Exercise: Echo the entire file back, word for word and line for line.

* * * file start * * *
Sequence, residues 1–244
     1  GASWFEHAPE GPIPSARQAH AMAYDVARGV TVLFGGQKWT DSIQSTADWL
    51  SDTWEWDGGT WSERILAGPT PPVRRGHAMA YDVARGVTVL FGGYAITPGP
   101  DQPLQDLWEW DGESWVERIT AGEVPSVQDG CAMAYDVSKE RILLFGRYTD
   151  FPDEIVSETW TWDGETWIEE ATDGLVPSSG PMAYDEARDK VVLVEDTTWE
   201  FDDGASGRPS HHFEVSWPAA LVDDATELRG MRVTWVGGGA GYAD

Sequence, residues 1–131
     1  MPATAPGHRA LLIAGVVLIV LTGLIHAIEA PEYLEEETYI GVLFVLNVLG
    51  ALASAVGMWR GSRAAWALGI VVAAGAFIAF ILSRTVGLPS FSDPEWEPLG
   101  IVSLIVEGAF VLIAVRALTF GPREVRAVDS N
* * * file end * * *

Sequence, residues 1–244
     1  GASWFEHAPE GPIPSARQAH AMAYDVARGV TVLFGGQKWT DSIQSTADWL
    51  SDTWEWDGGT WSERILAGPT PPVRRGHAMA YDVARGVTVL FGGYAITPGP
   101  DQPLQDLWEW DGESWVERIT AGEVPSVQDG CAMAYDVSKE RILLFGRYTD
   151  FPDEIVSETW TWDGETWIEE ATDGLVPSSG PMAYDEARDK VVLVEDTTWE
   201  FDDGASGRPS HHFEVSWPAA LVDDATELRG MRVTWVGGGA GYAD

Sequence, residues 1–131
     1  MPATAPGHRA LLIAGVVLIV LTGLIHAIEA PEYLEEETYI GVLFVLNVLG
    51  ALASAVGMWR GSRAAWALGI VVAAGAFIAF ILSRTVGLPS FSDPEWEPLG
   101  IVSLIVEGAF VLIAVRALTF GPREVRAVDS N